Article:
As an activist, a former University of Guam history professor, I am deeply concerned with the erasing of our Chamorro historic properties, the erasing of place names and the erasing of evidences of our history as a people of Guam. This is a colonial practice that needs to be abated. Our historic properties hold meaning to our people and it is through these meanings and connections that we construct the legitimacy to create and build community. We must cherish and preserve them for the memories and history that lift us up and for the edification of our people – with this caring attitude embodied already in our historic preservation laws – our yet to be written historic narrative will not be empty of substance associated with our heritage – in this case – the Governor Manuel F. L. Guererro Administration building.
Here we are, 15 years into the 21st century, and rather than studying its historicity, our people are faced with a Bill to demolish a property that has been named by law to honor Governor Manuel F.L. Guererro and has been listed in Guam’s inventory of historic properties but had not gone through the well-established process formally listing them after detailed studies of its eligibility to the Guam and National Register of Historic Places.
Why was this historic property never placed on the Guam Historic Preservation Review (GHPRB) Agenda for proper historic preservation review due to impending proposal to destroy it? Did the members of the Board not want to discuss this? Is it a foregone conclusion of theirs that no public comment is needed because the Chairman had already publicly and unilaterally stated his personal preference (for demolition) as to how this historic property will be impacted by the planned restoration of the Spanish Palasyo? Why are they treating this historic property differently? I believe that this individual may have prematurely made a decision undermining the historic review process, rather than allowing the Board members and SHPO staff to provide their expert opinions—the reason for their being selected to be on that Board in the first place and rather than, allowing public comment. And this is alarming because this action(proposed destruction without review) forces the public to ask the Department of Interior’s National Park Service Western Regional Office – whether the action violates federal guidelines in the treatment of historic properties – which may endanger the yearly Historic Preservation Fund grant due to possible non-compliance.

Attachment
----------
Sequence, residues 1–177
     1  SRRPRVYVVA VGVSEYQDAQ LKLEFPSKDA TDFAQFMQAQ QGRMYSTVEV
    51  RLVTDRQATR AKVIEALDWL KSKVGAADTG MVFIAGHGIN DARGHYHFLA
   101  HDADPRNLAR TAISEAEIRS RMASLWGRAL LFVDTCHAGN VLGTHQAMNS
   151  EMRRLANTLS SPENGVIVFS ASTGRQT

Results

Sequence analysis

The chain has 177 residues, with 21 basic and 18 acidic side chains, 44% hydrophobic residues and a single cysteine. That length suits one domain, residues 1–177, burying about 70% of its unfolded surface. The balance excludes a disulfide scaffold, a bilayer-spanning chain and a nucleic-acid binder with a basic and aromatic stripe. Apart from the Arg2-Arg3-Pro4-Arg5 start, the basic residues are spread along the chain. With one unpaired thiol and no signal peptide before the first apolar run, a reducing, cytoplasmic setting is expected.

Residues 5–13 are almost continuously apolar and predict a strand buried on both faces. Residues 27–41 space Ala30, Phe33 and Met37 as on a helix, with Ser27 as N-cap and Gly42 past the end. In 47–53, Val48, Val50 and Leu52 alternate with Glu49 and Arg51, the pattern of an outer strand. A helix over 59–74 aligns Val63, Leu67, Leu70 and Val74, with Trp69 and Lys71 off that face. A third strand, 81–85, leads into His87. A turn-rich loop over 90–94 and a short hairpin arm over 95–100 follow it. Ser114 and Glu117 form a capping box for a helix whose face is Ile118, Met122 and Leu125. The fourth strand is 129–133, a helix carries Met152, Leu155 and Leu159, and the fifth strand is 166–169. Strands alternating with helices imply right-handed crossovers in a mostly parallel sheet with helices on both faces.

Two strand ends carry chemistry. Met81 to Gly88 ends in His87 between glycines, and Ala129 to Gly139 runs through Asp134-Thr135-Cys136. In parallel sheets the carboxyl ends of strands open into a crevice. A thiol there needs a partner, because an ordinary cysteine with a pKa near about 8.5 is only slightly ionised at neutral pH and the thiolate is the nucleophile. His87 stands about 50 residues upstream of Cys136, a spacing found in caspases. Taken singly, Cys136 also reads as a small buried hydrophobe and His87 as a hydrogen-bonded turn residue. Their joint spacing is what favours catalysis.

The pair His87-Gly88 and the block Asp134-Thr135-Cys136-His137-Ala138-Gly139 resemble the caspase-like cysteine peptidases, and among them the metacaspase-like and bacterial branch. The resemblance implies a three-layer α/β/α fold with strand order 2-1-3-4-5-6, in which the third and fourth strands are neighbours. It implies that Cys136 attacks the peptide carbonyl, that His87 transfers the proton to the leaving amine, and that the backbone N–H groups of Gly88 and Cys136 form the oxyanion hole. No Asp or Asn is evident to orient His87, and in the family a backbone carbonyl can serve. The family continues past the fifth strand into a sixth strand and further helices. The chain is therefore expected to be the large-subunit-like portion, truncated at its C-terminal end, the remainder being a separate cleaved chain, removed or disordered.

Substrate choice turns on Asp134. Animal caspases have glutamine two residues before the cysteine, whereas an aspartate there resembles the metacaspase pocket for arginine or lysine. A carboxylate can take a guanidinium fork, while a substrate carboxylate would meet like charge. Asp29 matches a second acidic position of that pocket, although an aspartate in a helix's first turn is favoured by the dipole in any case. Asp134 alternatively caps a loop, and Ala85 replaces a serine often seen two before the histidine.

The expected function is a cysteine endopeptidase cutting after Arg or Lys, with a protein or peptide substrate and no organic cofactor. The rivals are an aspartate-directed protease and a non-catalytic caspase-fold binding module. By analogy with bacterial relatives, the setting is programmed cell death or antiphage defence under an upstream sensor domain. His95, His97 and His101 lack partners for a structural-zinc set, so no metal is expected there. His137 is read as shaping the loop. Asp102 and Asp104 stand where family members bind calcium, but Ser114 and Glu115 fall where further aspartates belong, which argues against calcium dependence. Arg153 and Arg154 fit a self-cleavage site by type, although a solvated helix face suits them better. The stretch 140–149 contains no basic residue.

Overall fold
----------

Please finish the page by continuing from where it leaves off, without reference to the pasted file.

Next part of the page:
I find it also peculiar that the historic preservation process of nominating sites to the Guam and National Register of Historic Places is mysteriously being bypassed by this proposed legislation. This proposed legislation may be eliminating the normal historic preservation review of Guam’s historic property (and other historic properties)the Governor Manuel F.L. Guererro Building I have participated in past meetings. My dear colleagues, if I do not convince you to kill this bill. Do the right thing and honor our heritage by preserving this building otherwise you may have usurped the existing process for historic properties in Guam (critical technical review) and eliminates public review and scrutiny.
I want to reiterate again my concern about the manner by which this historic property is being handled by the Guam Historic Preservation Review Board. The Legislature in its infinite wisdom must not allow the selective application of only some attributes of the landscape as important and erase the structural representation of an important historical period—of our early political development because, this Legislature will then have to take responsibility for the deafening silences of what is not made significant or important in our development as a people; something yet to be written about the emergent experiences of a non-self-governing people that would otherwise be showcased and pronounced by preserving the Manuel F.L. Guerrero building.
Why would anyone want to diminish or erase this significant period in our history and its tangible reminder? Why?
This is a scenario that appears to reveal possible dishonesty.
If demolition is approved, GEDA and/governor’s office will now take over the project, who will manage the bldg proper/grounds of Plaza de Espana, it’s not in the bill?? What are you trying to hide with this Bill? That you are turning over the Palasyo to the Governor’s Office?...that’s what appears behind the words here?